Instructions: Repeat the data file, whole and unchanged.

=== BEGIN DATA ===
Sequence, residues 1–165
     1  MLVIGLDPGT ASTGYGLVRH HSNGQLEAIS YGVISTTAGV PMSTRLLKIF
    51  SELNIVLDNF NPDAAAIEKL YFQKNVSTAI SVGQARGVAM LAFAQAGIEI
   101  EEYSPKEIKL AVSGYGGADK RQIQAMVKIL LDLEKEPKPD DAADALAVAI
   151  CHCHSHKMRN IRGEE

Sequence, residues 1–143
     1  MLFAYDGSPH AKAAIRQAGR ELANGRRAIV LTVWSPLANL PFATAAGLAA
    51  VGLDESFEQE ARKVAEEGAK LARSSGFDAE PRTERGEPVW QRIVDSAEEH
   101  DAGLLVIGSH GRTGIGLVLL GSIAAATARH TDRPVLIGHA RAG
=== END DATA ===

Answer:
Sequence, residues 1–165
     1  MLVIGLDPGT ASTGYGLVRH HSNGQLEAIS YGVISTTAGV PMSTRLLKIF
    51  SELNIVLDNF NPDAAAIEKL YFQKNVSTAI SVGQARGVAM LAFAQAGIEI
   101  EEYSPKEIKL AVSGYGGADK RQIQAMVKIL LDLEKEPKPD DAADALAVAI
   151  CHCHSHKMRN IRGEE

Sequence, residues 1–143
     1  MLFAYDGSPH AKAAIRQAGR ELANGRRAIV LTVWSPLANL PFATAAGLAA
    51  VGLDESFEQE ARKVAEEGAK LARSSGFDAE PRTERGEPVW QRIVDSAEEH
   101  DAGLLVIGSH GRTGIGLVLL GSIAAATARH TDRPVLIGHA RAG